Despite being one of the most densely populated countries in the world, the overall health in Bangladesh has steadily improved over the last 30 years. While the Government of Bangladesh’s efforts have resulted in impressive gains in public health, weaknesses in pharmaceutical management, including logistics and supplies, infrastructure, and the low performance of health care providers, remain obstacles to obtaining access to efficacious medicines and quality health services, particularly for the poor. SIAPS has been working closely with the Ministry of Health and Family Welfare (MOHFW) since 2011 to implement a series of systems strengthening interventions to support the government’s health objectives. Using a systems-based approach, SIAPS catalyzes effective leadership, good governance, and evidence-based decision making to strengthen procurement and supply chain systems.
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Developing Better Terms of Reference to Improve the Performance of Pharmaceutical Sector Committees: Case Studies from South Africa
In South Africa, there are numerous governance structures that make crucial decisions about selection, procurement, distribution, and use of medicines, diagnostics, and other pharmaceutical products. A challenge commonly encountered is that critical committees either do not exist or where the committee is in place, it does not function optimally. One of the most underlying causes of poor functioning of committees is the absence of or weak terms of reference (TOR). In 2015, the Affordable Medicines Directorate (AMD) of South Africa’s National Department of Health (NDOH), requested assistance from SIAPS in strengthening the TOR of several national committees, including those involved in selection of medicines for inclusion on the National Essential Medicines List (NEML). SIAPS developed a TOR guidance document that can be used in the development or review of TOR. The purpose of this brief is to share the guidance document and the processes SIAPS and their counterparts followed to develop new and revise existing TOR for three different pharmaceutical sector committees in South Africa.
Human Resource Capacity Development for ART and Pharmaceutical Services in Namibia, October 2014-September 2015
SIAPS Namibia applied the capacity building approach to support the Ministry of Health and Social Services to enhance the capacity of two local training institutions—UNAM-SoP and the NHTC—to train pharmacists and PAs, respectively. With SIAPS technical assistance for defining a career path for PAs, UNAM-SoP started training pharmacy technicians, a new cadre in Namibia. SIAPS also continued its efforts to enhance the capacity of individuals through pre- and in-service training to ensure that health workers have adequate skills to administer quality pharmaceutical services. The capacity building interventions were done through training workshops and on-the-job technical assistance provided during support supervisory visits (SSVs) and remotely.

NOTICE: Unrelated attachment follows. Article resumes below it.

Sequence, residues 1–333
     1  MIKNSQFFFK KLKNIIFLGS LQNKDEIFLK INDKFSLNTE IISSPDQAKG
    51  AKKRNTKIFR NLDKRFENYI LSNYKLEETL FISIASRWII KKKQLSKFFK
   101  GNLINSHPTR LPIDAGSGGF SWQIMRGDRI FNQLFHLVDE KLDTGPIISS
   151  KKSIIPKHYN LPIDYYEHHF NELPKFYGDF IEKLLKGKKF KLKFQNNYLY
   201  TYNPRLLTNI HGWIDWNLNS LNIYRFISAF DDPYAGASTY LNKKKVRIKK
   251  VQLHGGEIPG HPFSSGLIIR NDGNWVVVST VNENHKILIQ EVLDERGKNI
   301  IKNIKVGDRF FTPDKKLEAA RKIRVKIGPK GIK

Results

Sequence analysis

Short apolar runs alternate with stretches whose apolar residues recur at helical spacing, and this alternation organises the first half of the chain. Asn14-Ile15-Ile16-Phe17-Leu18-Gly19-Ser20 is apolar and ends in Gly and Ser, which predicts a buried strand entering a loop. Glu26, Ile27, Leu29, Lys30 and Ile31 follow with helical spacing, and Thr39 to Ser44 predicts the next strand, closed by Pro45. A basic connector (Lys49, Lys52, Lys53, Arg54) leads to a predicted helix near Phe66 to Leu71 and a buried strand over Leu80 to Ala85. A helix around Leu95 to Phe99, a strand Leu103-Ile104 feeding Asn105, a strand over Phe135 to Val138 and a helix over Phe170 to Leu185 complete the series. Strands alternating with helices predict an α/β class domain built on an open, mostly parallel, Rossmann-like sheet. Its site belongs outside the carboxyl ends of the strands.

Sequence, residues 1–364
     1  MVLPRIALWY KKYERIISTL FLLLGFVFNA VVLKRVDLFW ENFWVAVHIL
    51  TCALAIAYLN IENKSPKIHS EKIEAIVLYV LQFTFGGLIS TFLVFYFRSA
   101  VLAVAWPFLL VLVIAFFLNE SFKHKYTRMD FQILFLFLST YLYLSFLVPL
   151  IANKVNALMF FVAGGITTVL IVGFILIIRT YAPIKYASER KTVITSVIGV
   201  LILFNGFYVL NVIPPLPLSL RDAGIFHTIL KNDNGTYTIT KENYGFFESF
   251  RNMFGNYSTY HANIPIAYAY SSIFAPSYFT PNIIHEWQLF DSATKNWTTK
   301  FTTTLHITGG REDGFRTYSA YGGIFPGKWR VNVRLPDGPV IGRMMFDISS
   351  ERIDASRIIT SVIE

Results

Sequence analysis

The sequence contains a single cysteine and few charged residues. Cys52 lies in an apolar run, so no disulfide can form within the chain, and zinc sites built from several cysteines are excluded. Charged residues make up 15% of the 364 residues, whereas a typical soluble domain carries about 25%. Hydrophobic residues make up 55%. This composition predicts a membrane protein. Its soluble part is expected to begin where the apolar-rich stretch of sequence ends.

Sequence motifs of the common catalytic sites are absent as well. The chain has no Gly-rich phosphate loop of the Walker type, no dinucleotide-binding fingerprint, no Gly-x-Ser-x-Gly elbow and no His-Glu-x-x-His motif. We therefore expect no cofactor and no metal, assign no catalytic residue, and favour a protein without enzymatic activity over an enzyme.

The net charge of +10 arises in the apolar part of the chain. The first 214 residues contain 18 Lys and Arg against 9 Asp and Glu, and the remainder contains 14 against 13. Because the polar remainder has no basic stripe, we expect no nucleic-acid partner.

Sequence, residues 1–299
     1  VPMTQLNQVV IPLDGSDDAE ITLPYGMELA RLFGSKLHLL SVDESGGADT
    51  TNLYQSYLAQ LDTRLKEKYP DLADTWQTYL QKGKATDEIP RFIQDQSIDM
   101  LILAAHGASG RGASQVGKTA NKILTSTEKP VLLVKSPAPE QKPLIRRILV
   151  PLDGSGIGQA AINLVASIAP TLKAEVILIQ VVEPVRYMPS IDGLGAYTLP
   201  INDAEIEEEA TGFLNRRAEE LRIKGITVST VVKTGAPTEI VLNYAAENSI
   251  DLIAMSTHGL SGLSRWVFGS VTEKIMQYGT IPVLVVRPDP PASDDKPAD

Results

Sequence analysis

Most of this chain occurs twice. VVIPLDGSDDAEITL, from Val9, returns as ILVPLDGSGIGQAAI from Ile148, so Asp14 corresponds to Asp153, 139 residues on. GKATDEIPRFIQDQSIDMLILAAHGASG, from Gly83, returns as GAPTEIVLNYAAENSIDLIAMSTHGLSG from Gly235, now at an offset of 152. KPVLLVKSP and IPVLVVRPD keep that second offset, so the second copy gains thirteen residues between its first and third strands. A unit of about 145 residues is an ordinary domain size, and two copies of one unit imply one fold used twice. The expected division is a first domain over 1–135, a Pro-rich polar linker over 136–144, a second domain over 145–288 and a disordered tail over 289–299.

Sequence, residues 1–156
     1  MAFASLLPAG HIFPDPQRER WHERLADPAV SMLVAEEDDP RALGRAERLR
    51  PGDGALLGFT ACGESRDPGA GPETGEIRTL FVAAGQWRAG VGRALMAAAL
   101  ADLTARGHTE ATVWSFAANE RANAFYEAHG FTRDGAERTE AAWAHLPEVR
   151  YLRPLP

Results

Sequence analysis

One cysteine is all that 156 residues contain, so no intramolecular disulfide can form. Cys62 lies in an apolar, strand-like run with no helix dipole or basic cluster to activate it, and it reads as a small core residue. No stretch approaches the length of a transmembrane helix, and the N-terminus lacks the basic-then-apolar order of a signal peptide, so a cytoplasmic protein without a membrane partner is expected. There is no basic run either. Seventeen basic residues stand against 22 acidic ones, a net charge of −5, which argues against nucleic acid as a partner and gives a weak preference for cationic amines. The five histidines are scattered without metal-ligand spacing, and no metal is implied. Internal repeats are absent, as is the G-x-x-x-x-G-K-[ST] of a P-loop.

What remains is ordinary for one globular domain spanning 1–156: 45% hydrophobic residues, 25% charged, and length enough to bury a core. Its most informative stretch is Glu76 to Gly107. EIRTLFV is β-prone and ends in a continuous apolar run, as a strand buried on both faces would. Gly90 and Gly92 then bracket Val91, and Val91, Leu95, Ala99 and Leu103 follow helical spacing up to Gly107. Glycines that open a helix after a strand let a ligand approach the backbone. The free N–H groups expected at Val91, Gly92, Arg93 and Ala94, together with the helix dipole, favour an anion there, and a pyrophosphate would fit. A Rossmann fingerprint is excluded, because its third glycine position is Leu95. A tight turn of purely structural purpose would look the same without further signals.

Analysis of Passive Surveillance Data Collected by the Swaziland Pharmacovigilance Unit, October 2016-March 2017
With support from SIAPS, the Swaziland National Pharmacovigilance Unit (NPVU) has been monitoring the safety of medicines used in the county by collecting and collating reports of adverse drug reactions (ADR) and other medicine-related problems through its spontaneous reporting system established under the country’s Ministry of Health in 2009. In addition, SIAPS has been supporting active surveillance for ARV and TB medicines. ADRs and other medicine-related problems are reported to the NPVU by health care providers using a paper ADR reporting form. Completed forms are sent to the NPVU or collected from health care facilities on a quarterly basis for data entry and analysis. SIAPS supports the collection of the forms and has seconded a data clerk to the NPVU to enter the data from the forms into Microsoft Excel. SIAPS support was further sought to analyze PV data and build the capacity of the PV team to undertake routine analysis of those data. The main objective of the work was to analyze PV data generated from the spontaneous reporting system in Swaziland to inform clinical practice (rational medicine use) and improve patient outcomes.